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This article in CS

  1. Vol. 16 No. 4, p. 568-572
     
    Received: Feb 10, 1976
    Published: July, 1976


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doi:10.2135/cropsci1976.0011183X001600040035x

Cytogenetics of Introgression from Saccharum into Sorghum1

  1. J. M. J. de Wet,
  2. S. C. Gupta,
  3. J. R. Harlan and
  4. C. O. Grassl2

Abstract

Abstract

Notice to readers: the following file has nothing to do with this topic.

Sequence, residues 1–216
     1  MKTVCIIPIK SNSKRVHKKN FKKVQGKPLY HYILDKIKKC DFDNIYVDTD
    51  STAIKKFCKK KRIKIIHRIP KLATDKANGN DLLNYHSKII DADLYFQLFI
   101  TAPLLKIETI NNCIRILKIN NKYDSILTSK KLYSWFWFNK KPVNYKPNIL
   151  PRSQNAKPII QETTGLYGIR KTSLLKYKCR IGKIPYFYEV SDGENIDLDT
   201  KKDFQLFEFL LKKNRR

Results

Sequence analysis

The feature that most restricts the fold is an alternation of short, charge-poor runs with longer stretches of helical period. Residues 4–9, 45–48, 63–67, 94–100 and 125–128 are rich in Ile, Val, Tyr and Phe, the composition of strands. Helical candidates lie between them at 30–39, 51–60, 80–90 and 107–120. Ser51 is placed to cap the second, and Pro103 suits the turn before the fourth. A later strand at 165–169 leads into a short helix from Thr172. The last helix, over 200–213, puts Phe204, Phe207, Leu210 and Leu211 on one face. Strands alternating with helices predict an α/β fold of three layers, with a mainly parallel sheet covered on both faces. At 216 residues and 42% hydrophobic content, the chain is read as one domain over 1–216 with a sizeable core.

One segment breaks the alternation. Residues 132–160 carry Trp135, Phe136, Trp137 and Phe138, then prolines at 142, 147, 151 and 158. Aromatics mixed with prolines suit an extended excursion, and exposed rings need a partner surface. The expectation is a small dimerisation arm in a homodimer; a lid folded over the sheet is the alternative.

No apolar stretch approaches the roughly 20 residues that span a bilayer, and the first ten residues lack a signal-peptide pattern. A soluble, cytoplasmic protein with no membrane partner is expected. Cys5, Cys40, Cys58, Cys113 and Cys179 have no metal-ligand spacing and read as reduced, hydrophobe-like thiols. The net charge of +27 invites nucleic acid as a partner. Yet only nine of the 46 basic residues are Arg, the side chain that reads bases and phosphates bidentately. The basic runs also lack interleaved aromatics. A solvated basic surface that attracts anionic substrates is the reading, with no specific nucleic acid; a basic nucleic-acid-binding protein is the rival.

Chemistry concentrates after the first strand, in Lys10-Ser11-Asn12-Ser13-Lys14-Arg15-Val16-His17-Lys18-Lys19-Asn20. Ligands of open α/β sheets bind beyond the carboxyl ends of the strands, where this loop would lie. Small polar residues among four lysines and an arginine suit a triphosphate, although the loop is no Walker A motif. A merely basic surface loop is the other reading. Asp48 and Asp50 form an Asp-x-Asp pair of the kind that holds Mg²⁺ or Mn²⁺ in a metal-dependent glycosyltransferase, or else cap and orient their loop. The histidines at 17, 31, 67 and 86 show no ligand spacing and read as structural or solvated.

Grain sorghum [Sorghum bicolor (L.) Moench] crosses with sugarcane (Saccharum officinarum L.) when the latter species is the female parent. These hybrids are male sterile but produce offspring when pollinated with either parent. Four backcrosses, the first and second with diploid (2n=20) and then with tetraploid sorghum (2n=40), produced plants that are male and female fertile even though they combine 40 Sorghum + 4–10 Saccharum chromosomes. Selfing or further backcrossing with sorghum for one or more generations, results in complete elimination of Saccharum chromosomes, and essentially pure or morphologically modified sorghums are recovered. Modified sorghums have various combinations of Saccharum characteristics superimposed on a basic Sorghum morphology. The study was initiated in an attempt to transfer shoot fly resistance from sugarcane to grain sorghum. Whether this aim was achieved is now being investigated.

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